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Proposed $311M Oyster Bay budget keeps tax levy flat, boosts spending on salaries

Oyster Bay Town Supervisor Joseph Saladino on Jan.

Oyster Bay Town Supervisor Joseph Saladino on Jan. 8, 2019. Credit: Danielle Silverman

Oyster Bay Town Supervisor Joseph Saladino’s proposed 2022 budget would keep spending flat for the first time since he took office in 2017.

The $311.6 million proposal would increase spending on salaries and contractual expenses while employee benefits would remain flat and debt service costs would go down. The town’s tax levy, as calculated under the state’s tax cap, would also remain flat at $232.9 million.

"The Town of Oyster Bay is delivering better services than ever before, even during the COVID pandemic, and we will continue to do so," Saladino said at the Oct. 5 town board meeting at which the budget was proposed.

The town has scheduled hearings on the budget for Tuesday.

Saladino touted recent upgrades by Moody’s Investors Service and Standard & Poor’s, which over the summer raised the town’s credit ratings to A3 and A+, respectively.

"Our A+ credit rating means that we save taxpayers significant money each time we bond for roadway improvements, infrastructure projects, even when we bond to help water districts with the equipment they need to keep drinking safe water," Saladino said.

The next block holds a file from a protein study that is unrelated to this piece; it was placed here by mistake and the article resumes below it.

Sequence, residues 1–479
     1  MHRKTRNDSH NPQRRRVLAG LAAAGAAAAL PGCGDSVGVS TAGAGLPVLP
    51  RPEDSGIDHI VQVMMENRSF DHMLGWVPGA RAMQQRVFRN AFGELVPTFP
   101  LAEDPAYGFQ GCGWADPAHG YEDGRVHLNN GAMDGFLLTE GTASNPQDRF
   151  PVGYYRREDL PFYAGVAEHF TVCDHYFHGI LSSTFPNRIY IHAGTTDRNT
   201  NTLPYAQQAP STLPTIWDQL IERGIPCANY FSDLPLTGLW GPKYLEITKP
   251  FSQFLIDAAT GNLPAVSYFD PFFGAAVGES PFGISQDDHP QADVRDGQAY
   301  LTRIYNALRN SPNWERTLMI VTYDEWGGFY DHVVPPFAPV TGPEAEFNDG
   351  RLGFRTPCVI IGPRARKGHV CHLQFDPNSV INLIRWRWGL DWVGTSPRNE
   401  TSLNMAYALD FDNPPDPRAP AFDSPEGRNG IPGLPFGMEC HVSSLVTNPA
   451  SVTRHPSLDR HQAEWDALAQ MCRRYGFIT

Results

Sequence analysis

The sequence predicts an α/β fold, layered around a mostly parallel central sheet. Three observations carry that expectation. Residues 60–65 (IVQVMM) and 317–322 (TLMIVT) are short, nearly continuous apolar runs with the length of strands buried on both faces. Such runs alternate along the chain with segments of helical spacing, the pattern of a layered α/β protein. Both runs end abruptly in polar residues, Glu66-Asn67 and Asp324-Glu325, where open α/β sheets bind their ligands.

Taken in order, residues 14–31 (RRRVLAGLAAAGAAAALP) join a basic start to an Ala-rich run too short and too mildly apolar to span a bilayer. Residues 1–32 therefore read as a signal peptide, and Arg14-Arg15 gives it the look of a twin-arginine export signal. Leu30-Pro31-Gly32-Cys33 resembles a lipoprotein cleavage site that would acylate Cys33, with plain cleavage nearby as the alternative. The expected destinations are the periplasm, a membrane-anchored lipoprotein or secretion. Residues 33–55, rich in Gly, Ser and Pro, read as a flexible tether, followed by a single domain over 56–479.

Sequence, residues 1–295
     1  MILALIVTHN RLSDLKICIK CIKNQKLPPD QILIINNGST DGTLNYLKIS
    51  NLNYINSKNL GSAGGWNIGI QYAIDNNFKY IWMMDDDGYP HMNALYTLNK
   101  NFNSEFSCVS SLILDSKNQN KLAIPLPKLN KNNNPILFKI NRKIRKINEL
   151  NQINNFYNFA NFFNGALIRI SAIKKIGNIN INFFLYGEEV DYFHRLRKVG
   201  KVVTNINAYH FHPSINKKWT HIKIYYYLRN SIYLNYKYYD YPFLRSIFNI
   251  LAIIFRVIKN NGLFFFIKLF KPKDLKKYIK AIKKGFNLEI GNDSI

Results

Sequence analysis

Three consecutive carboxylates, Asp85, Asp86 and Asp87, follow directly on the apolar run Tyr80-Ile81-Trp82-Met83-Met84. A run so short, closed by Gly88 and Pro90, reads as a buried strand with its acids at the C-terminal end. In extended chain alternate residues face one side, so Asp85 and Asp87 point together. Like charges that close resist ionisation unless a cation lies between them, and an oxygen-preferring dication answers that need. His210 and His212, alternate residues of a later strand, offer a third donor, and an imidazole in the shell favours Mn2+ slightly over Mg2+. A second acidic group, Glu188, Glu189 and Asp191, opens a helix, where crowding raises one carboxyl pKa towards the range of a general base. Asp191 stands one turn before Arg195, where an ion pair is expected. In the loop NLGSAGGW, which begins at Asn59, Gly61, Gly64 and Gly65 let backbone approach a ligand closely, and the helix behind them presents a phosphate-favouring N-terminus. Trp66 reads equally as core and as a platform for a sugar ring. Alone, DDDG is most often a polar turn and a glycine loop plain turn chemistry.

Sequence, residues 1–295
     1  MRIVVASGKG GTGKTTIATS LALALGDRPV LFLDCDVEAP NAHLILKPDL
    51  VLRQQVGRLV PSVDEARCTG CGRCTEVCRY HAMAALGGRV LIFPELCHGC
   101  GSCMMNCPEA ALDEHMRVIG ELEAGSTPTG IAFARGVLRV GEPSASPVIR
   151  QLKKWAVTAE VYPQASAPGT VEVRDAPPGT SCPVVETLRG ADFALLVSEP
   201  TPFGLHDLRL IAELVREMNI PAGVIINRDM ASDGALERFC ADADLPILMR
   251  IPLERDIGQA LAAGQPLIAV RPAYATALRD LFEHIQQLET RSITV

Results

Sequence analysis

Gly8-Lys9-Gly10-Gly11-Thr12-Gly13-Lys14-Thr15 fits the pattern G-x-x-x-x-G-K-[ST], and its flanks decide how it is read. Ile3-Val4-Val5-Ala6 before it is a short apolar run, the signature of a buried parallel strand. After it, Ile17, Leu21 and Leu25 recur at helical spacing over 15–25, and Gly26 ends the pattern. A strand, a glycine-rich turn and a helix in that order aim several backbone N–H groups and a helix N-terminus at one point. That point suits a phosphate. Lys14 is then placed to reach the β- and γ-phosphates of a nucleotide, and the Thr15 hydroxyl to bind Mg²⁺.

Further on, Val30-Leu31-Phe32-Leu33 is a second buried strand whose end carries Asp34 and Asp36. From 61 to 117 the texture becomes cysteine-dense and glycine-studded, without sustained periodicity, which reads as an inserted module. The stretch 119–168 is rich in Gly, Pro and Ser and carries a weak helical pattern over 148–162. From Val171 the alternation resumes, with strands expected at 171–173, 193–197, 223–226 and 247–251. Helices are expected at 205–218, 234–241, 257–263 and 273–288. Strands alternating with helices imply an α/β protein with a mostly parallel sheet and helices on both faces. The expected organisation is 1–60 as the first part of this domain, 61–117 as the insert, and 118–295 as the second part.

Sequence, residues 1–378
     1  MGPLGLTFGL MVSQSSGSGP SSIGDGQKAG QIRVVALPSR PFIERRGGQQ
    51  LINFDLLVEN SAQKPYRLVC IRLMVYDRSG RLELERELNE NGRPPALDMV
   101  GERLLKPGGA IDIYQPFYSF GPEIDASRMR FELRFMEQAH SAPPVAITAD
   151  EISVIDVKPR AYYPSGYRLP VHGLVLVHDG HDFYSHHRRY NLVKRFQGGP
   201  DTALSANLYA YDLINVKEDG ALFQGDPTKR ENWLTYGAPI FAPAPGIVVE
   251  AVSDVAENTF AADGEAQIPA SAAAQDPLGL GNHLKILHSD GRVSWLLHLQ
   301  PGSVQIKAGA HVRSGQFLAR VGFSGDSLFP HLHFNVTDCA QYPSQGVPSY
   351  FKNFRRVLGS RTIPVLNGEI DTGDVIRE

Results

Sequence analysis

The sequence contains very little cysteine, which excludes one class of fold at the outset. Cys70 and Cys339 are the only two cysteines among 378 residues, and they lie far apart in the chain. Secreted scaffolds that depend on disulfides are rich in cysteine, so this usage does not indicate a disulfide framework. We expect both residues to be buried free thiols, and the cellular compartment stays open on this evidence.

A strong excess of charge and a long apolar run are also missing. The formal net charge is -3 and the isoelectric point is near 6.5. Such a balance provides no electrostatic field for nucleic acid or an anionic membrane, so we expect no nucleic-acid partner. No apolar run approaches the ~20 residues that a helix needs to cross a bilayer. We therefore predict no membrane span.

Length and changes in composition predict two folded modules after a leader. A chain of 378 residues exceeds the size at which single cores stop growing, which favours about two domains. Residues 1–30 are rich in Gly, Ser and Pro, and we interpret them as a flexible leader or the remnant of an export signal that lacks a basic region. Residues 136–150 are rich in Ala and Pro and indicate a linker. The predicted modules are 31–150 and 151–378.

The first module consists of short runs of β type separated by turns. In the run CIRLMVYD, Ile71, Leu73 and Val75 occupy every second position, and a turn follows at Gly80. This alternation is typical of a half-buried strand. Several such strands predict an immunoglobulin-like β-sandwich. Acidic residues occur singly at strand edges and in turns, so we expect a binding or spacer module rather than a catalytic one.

Saladino took credit at that meeting for the town’s reduction of a $44 million operating deficit, though the town’s 2020 audited financial statement shows that the town’s $44.6 million deficit in 2015 had dropped to $23.4 million in 2016 under former Supervisor John Venditto. The town ended 2020 with an operating surplus of $47.6 million, according to its audited financial statement.

Town spending has increased every year under Saladino, rising from $284.1 million in the adopted 2017 budget to $299.1 million in his first budget in 2018, and up to $311.6 million in the adopted 2021 budget, a 9.6% increase over five years.

Spending on salaries has risen sharply under Saladino, from $77 million in the adopted 2017 budget he inherited when he took office in January of that year to $93.6 million in the proposed 2022 budget. If the budget is adopted, spending on salaries will have gone up 21.5% over six years.

According to its most recent borrowing prospectus, Oyster Bay began 2017 with 1,025 full-time employees, reduced that number to 993 in 2019 and returned to 1,025 in January 2021.

Though the town board cut the tax levy by 0.5% in 2018, it has remained more than $20 million higher than pre-2017 levels. What individual property owners pay in taxes depends on where they live and which levies apply to them. The general fund levy, which applies to all properties, would increase by $3.5 million to $59.1 million in the proposed budget, compared to 2021. Other levies, including those for the two sanitary districts and a parking district, would fall.

One levy that has fallen sharply since 2017 is the Part Town levy that funds Oyster Bay’s buildings and planning department. That levy fell from $2.4 million in 2017 to $100,000 in the proposed 2022 budget, as tax revenue has largely been replaced by fee revenue. The town hiked some of its building permit fees in January 2017, before Saladino taking office that month, town spokesman Brian Nevin wrote in an email.

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